Other snacks include fruit, apple sauce, baked goods (like muffins or leftover pancakes) or sliced veggies (generally carrots and cucumbers).

Coming up with quick and easy lunches for the kids can be a real challenge, so I’d love to hear your ideas. What do you pack in your kids’ lunches?

Noodle soup with vegetable pancakes

We spent the afternoon outside hiking and feeding the chickadees in the mild winter weather. As soon as we got out of the car, we were spotted by some chickadees who called to us to feed them. These friendly birds followed us throughout our hike – singing in the trees and keeping us in their sight.

We were in an area owned by the local public school board where the staff host nature walks for their schools. The birds are wild but used to kids feeding them. The blackcapped chickadees are very tame.

We didn’t just see our the friendly chickadees. We saw two kinds of woodpeckers and a couple other little birds we weren’t able to identify. But the chickadees were the only ones interested in our seeds and brave enough to approach us.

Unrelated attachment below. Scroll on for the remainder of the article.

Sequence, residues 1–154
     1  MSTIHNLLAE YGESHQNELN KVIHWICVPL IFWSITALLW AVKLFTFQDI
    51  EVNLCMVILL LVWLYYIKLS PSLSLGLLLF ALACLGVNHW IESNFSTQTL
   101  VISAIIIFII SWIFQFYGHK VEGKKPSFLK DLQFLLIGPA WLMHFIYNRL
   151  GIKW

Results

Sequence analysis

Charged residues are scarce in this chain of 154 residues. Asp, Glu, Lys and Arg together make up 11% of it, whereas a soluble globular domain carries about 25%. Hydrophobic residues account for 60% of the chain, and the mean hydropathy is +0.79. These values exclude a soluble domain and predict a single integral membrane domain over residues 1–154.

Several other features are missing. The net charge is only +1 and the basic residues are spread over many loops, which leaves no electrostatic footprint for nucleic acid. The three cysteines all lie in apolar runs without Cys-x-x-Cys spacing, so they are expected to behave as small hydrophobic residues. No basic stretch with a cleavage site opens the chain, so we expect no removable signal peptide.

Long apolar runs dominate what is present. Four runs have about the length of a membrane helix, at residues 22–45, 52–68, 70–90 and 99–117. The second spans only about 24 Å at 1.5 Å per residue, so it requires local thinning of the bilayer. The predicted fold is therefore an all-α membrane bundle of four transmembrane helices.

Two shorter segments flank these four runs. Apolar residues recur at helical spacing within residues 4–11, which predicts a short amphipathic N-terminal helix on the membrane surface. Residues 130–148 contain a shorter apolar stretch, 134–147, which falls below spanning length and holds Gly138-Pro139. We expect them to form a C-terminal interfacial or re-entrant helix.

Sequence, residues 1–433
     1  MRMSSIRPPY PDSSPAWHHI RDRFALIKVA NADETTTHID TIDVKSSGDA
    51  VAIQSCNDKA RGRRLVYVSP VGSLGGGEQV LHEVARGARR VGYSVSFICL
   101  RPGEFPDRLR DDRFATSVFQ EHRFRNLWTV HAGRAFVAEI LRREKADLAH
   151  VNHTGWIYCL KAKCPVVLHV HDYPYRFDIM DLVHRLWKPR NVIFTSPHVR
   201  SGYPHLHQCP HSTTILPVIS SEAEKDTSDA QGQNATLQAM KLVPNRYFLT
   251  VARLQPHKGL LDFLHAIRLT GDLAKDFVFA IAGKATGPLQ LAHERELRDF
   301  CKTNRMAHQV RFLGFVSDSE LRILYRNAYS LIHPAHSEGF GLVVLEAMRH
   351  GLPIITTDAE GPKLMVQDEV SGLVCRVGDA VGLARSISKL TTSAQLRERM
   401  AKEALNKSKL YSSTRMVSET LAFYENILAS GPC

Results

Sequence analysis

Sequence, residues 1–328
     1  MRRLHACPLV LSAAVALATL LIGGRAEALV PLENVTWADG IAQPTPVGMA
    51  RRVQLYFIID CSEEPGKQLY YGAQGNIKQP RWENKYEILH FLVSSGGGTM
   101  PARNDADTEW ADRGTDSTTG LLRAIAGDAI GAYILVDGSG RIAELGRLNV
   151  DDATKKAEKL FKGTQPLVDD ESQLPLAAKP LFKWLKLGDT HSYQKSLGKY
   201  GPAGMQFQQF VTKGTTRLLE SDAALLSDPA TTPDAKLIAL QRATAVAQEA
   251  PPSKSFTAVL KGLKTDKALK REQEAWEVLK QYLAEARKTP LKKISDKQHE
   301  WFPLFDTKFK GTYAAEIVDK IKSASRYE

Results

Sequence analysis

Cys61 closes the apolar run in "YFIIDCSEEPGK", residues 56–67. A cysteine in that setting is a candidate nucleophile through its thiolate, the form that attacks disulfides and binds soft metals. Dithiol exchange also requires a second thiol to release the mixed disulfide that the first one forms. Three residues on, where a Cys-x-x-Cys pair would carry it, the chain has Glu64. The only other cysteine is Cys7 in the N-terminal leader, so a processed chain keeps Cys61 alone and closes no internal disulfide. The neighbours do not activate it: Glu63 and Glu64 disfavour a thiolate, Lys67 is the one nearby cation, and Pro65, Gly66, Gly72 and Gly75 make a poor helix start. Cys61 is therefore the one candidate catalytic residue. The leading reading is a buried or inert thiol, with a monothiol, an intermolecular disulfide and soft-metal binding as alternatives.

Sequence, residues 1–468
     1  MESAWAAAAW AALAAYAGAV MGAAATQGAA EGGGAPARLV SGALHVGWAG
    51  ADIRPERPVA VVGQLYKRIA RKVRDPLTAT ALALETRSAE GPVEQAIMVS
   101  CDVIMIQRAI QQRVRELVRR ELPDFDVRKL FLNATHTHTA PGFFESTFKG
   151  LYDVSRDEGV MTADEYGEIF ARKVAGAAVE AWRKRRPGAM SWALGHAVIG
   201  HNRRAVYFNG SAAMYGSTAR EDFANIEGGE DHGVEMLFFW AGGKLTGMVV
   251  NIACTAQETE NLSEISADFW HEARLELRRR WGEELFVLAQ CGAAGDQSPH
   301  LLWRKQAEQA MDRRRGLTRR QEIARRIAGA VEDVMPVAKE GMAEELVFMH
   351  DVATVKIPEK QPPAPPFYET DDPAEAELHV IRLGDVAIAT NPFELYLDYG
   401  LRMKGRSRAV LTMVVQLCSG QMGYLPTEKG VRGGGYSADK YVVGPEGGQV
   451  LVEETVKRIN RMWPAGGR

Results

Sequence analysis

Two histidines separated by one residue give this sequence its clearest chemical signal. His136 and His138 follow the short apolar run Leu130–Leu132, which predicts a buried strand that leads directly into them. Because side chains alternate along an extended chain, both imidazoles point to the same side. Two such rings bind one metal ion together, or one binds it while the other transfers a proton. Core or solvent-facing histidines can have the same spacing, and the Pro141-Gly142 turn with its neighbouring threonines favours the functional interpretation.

We got home just before dinner time. There’s nothing like a steaming bowl of noodle soup after being out in the cold. This soup has wheat noodles, tempeh, mushrooms, greens and shredded carrots. The broth has coriander and star anise and it’s garnished with cilantro.

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We had asian-style vegetable pancakes on the side with a spicy dipping sauce for the adults and a soy dipping sauce for the kids. The pancakes are a simple flour, salt and water mix but when cooking, I press pre cooked, shredded vegetables in the batter.

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Vegetable pancakes with shredded carrots and cabbage.

The end result is delicious – I almost didn’t get a picture because the kids ate them all before I got the camera out! But my son asked for more while I was still cooking the adult pancakes. I made him one more with the remaining batter – as you can see, his fork got to it before I took this picture!